Bring a little good luck to your home décor. This handcrafted evil eye mini pillow will not only work hard to bring you good fortune, but it makes a stylish statement on any chair or couch. Meticulously embroidered and finished with a border of complementary pom poms, this is a decorative pillow that will keep luck on your side.
Made to Order Mini Lumbar Decorative Pillow
• Makes a great housewarming gift!
• 100% white cotton fabric with playful blue pom poms
• Measures approx. 12” x 6”
• Evil eye hand embroidery in black and blue matching thread
• Spot wash cleaning is recommended
• Lovingly handmade in beautiful Greece
Throughout history there have been superstitions that have been passed down some originating thousands of years ago. The symbol of an eye has always been deemed a negative symbol in many different cultures. Turkish and Greek beliefs are equally the same but they have a embellished a Lucky Evil Eye amulet to ward off evil doings.
The envious evil eye can cause pain, injury, or bad luck to anyone on the receiving end of this glare. People who are envious or simply believe that a person does not deserve the good fortune bestowed on them also give the evil eye subconsciously. Thus the Nazar amulet was created and has been a staple in Turkish and Greek traditions.
Man has made many forms of talismans designed to ward off bad luck. Turkey, the Nazar Boncuğu is widely displayed in homes, shops, and business also a rabbit’s foot is the most common European example. The blue glass talisman is not just Turkish tradition is has also become a world know figure seen worn by many people, in forms of jewelry, evil eye key chains, evil eye bracelets, necklaces and more.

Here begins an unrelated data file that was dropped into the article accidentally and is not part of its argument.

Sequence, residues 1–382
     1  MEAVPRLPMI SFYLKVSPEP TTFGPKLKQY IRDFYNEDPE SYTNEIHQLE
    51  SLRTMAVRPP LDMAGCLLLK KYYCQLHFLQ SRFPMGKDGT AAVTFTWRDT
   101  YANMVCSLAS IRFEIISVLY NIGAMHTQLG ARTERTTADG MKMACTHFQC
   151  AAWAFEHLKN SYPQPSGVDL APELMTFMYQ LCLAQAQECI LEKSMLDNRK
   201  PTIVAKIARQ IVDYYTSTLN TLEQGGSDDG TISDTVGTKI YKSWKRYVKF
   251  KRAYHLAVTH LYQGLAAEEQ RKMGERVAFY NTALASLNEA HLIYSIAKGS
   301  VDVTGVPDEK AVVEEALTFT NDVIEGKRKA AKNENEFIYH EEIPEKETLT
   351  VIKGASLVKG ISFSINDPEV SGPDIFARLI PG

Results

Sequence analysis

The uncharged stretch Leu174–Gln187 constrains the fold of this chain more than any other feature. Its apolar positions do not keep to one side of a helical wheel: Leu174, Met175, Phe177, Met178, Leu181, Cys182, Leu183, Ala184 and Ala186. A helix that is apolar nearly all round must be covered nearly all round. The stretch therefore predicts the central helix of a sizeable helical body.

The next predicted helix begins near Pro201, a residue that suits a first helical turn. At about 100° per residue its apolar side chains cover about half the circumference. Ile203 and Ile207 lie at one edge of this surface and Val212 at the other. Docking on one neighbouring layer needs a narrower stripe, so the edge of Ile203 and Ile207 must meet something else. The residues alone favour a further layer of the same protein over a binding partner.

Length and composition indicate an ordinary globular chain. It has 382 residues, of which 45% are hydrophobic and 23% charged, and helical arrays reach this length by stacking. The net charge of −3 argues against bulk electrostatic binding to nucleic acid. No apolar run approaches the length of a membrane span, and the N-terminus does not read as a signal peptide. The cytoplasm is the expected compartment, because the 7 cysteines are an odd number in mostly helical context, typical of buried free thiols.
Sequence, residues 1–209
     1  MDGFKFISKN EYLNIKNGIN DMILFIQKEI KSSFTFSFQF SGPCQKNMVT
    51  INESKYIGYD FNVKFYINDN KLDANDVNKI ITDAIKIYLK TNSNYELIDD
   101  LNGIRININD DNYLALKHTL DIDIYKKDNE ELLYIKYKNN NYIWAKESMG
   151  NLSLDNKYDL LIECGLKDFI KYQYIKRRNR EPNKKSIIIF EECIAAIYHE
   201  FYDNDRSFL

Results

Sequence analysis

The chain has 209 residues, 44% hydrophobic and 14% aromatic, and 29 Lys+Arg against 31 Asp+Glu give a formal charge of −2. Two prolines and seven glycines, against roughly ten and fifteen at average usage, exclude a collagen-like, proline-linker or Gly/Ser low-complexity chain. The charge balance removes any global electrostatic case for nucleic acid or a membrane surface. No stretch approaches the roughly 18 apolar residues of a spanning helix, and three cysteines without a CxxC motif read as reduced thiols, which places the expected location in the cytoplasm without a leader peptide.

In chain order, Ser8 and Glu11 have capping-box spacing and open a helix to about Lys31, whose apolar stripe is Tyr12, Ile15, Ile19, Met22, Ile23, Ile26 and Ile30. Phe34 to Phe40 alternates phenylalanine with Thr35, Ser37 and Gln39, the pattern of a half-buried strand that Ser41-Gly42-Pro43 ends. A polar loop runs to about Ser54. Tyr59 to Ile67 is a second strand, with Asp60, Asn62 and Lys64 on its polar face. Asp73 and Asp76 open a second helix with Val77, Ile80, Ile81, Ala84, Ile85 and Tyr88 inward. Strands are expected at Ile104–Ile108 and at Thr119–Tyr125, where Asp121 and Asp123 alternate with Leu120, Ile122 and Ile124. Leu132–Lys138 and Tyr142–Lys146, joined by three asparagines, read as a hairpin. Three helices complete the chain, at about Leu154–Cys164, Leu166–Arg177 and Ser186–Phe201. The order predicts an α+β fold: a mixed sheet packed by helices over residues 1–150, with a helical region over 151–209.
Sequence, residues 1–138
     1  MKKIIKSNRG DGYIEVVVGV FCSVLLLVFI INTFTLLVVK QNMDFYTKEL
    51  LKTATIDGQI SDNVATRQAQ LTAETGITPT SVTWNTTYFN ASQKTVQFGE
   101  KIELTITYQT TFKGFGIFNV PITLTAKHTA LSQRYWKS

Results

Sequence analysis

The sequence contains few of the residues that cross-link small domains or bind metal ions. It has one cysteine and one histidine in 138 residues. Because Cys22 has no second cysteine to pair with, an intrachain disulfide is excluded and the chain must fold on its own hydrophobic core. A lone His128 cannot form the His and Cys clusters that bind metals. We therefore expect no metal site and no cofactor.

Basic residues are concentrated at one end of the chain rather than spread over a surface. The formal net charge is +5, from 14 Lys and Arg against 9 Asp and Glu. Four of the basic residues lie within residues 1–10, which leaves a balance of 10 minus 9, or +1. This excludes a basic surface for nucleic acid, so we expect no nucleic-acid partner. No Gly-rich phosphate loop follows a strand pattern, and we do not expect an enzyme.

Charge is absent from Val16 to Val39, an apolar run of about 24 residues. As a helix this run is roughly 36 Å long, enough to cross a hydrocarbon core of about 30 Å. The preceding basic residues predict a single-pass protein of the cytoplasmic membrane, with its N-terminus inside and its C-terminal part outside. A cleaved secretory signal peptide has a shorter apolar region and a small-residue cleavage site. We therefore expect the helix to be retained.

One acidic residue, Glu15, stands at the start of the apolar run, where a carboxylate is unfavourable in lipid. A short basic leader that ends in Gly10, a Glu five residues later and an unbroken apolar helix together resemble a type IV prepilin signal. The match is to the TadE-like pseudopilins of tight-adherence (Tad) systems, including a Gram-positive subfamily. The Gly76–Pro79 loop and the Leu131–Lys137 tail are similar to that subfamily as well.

In different languages, the evil eye is known as:
- Hebrew Evil Eye – Ayin Ha’ra
- Turkish Evil Eye – Nazar Boncugu
- Italian Evil Eye – Mal Occhio
- Farsi – Bla Band
- Arabic – Ayin Harsha
- Scotland – Droch Shuil
- Spanish – Mal Ojo or El Oja
- France – Mauvais Oeil
- Germany – Böser Blick
- Romans – Oculus Malus
Methods of Protection against the Evil Eye
In addition to the use of evil eye amulets, the Greeks would carry incense or the cross as protection against the evil eye. New mothers would keep objects as protection under their pillows or on their heads, and these included red, black, or white strings, a nail, gunpowder, bread, salt, garlic, a ring, indigo blue, or a pair of silver buckles. Each of these objects held a meaning which made it a good defense against the evil eye. For instance, gunpowder symbolized an ability to fight back against the evil eye. The nail symbolized strength. The indigo held its power in its blue coloring. Salt was a symbol of preservation and strength.
Evil Eye Remedies
If these preventative steps failed, however, the Greeks had many more remedies against the evil eye. In some villages, the fur of a bear would be burned to cure the curse. In others, a gypsy would massage the forehead to get rid of the ill effects of the evil eye.
In many countries, including Greece, Armenia, and Assyria, it is thought that a pinch on the rear will remedy the curse of the evil eye. In Europe, some Christians have the tradition of creating the sign of the cross with their hands, while at the same time pointing the index and pinky finger toward the source of the evil eye. In Bangladesh, a black dot is drawn on the forehead of children to ward off the evil eye curse. Pretty young women have a secret dot drawn in kohl behind their ears to protect against the evil eye